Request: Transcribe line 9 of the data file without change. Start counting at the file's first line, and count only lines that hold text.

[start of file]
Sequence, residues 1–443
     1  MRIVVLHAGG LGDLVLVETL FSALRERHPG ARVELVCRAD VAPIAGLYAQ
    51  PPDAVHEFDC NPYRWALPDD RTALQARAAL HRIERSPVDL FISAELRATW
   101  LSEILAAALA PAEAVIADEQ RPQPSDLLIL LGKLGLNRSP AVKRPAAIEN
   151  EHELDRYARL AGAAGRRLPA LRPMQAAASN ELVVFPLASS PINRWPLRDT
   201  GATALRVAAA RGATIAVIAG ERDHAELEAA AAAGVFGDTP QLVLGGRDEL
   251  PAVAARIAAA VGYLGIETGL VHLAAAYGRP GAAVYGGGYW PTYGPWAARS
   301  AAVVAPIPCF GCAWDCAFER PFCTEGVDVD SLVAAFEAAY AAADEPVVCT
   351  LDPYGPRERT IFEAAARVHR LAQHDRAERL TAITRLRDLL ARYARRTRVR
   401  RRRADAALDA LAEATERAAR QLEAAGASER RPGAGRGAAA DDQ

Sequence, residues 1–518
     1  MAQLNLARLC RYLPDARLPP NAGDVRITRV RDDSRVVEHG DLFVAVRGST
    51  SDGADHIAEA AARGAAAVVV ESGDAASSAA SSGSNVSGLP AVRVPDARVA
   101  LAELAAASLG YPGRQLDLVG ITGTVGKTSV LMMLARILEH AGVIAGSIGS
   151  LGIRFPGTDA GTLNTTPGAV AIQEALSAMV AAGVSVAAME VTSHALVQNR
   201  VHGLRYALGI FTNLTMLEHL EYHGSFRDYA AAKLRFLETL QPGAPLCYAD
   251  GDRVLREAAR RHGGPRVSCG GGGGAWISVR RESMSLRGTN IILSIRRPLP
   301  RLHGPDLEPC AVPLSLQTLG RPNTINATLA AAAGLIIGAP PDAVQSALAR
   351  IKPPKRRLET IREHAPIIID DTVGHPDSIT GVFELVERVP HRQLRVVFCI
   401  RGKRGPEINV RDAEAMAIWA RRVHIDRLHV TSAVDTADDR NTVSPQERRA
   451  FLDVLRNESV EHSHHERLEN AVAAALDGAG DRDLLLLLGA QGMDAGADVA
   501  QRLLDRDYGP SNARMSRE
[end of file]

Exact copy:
   351  LDPYGPRERT IFEAAARVHR LAQHDRAERL TAITRLRDLL ARYARRTRVR